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A Breathtaking Report on Learning

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News from the Department of Unusual Scholarship: A West Virginia researcher probing the little-examined relationship between breathing and learning has found that in most classroom situations, shallow is better.

Allan Marangoni, director of the respiratory-therapy program at Wheeling Jesuit College, conducted a two-year study of the rate at which students breathe in normal class settings and before tests.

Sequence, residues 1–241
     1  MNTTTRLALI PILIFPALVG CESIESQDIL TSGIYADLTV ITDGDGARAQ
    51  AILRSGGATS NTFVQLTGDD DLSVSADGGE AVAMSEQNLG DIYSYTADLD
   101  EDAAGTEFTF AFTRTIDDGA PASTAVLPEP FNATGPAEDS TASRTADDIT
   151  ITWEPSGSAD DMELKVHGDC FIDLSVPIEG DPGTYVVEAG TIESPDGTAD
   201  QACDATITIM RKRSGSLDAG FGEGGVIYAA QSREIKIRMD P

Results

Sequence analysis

The results: those who breathed less than average generally received better grades. This may be so, Mr. Marangoni ventures, because shallow breathing causes more blood to flow to the brain and ears, increasing concentration and hearing acuity. Shallow breathing is also a sign of relaxation, he notes.

But a further finding--that respiration varied among classes, depending on the level of stress--led the researcher to postulate that too much easy breathing might be a bad thing. Students in a remedial English class, he found, breathed only half as rapidly as those in an anatomy class.

"It makes me wonder if part of the problem of remedial English students is that they are too relaxed," Mr. Marangoni says. "They need to respond to a certain level of anxiety to learn."

The study's findings are scheduled for publication in a forthcoming issue of the Allied Health Journal.--kg

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